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Carers I interview - Page 11 - Carers UK Forum

Carers I interview

Share information, support and advice on all aspects of caring.
112 posts
Fran- you should check out the amazing Barry West. A man who's been paralyzed from the neck down for the past 15 years who got to the summit of Ben Nevis with his band of human huskies pushing and pulling his chair and Ben Nevis is just for starters!
I'm all for everyone no matter what their disability having access to whatever is out there to make life fuller and more enjoyable. However, not all can access everything. There are some folk, like my daughter, who endure extreme and constant pain and suffer allodynia/hyperalgesia which makes being even lightly touched excruciating.
[quote]We have always avoided special schools, and that has meant that my son has been challenged at every turn to struggle to make his own way in society - he is not specially gifted, (bottom 1% IQ according to one educational psychologist) but I have always pushed physical fitness hard]

I am finding this thread both interesting and disturbing in part, however I guess that it is standard practice on any type of forum that there will be differences of opinion.

I have highlighted your thread Excaliber as I need to ask, what exactly do you consider to be "soft options"? I would not dream of criticising your methodology as you know your son better than anyone and you have obviously have his life mapped out for him and have organised everything down to the last detail, if it works then I commend you for it.

But as has been said many times before, everyone is different, carees and carers. Your ideas of soft options may be my ideas of workable solutions..who knows? Another question if I may..how would you manage if your son refused to go along with what you wanted him to do, I mean physical refusal? What would you do?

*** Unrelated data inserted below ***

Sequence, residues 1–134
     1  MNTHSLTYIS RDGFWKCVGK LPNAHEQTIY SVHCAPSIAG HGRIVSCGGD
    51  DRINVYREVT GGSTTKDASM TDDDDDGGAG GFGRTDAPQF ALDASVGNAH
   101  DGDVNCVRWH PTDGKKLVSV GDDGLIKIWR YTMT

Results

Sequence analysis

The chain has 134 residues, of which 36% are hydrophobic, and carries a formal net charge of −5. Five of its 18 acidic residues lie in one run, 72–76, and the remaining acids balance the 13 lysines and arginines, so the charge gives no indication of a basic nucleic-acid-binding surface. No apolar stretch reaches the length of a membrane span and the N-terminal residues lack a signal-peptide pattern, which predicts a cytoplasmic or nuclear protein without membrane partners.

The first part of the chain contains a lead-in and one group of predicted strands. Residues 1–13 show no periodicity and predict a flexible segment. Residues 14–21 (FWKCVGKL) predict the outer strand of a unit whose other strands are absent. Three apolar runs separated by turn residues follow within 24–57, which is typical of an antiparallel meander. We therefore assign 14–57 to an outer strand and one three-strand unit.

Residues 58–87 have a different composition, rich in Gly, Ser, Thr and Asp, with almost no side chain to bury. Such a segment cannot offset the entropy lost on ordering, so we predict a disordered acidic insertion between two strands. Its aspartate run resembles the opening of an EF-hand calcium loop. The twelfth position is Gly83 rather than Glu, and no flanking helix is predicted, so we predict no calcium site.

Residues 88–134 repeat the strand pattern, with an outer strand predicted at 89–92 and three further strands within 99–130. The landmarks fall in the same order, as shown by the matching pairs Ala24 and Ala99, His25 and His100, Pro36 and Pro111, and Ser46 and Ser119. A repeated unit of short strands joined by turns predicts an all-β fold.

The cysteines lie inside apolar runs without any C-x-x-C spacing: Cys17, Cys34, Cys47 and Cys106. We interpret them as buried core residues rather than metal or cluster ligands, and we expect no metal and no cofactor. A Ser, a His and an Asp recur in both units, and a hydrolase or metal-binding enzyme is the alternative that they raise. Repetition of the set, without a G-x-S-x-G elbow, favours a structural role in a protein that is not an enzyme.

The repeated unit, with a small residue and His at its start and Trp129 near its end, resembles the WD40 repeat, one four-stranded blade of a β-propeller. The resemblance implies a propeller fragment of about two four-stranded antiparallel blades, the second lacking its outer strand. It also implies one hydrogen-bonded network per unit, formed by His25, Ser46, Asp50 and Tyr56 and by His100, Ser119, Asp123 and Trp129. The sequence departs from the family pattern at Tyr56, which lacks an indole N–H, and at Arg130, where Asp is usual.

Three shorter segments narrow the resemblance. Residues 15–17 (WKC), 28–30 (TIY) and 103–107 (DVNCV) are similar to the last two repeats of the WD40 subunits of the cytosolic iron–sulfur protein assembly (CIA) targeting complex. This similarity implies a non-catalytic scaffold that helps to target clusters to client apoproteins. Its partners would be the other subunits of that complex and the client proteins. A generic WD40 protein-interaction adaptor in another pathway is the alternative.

Look forward to hearing from you. Image
Youngest is profoundly autistic with severe learning difficulties, non verbal etc, there is no way he could go to a mainstream school other than if we were just insisting for the sake of it, it certainly wouldn't be fair on him and probably not fair on the other children either.
OK, in your situation I would be writing to Social Work and asking them to provide full time care for my child. Not because I wanted it, merely to up the ante and as a starting negotiating position. This is a poker game, you have to keep your cards close to your chest. Very close. It would cost social services approximately £150,000 a year to provide the care that you are providing, give or take £50k each way. That puts you in a very powerful position. Know what you are worth. Decide what you really want and need to keep your child at home, ask for it in full, then settle for half. In your case I would be willing to settle for around £50k - enough to provide a team of workers and pay for all activities. Yes. I'm being totally serious. But if I got £30k I wouldnt be crying. And your Social Services Director would be claiming his bonus for getting a great deal for the public purse ... I kid you not. And tell your son that he WILL be going ski-ing, and Scally will be taking him! Image
Do you know what? I am just going to do that! I have had a major run in with LEA these past couple of months that I can't post about but you have jogged my memory on how I got to this spot in the first place. I'll post back on this when I have an update, lets put it to the test, eh? Edited to say, are you aware of the looked after child status, specifically designed to scare the bejeezes out of all parents asking for too much.
Vicky
Too many questions...!!
are you aware of the looked after child status, specifically designed to scare the bejeezes out of all parents asking for too much. Vicky
Never bothered me, always looked at it as a form ticking kinda thing... if social work want to take charge of my boy now they are welcome to him, honestly. I suspect they dont, and normally plan on that basis.
by frandrake » Tue Apr 26, 2011 10]
How would I know ... why not ask them yourself, I am not a ski instructor!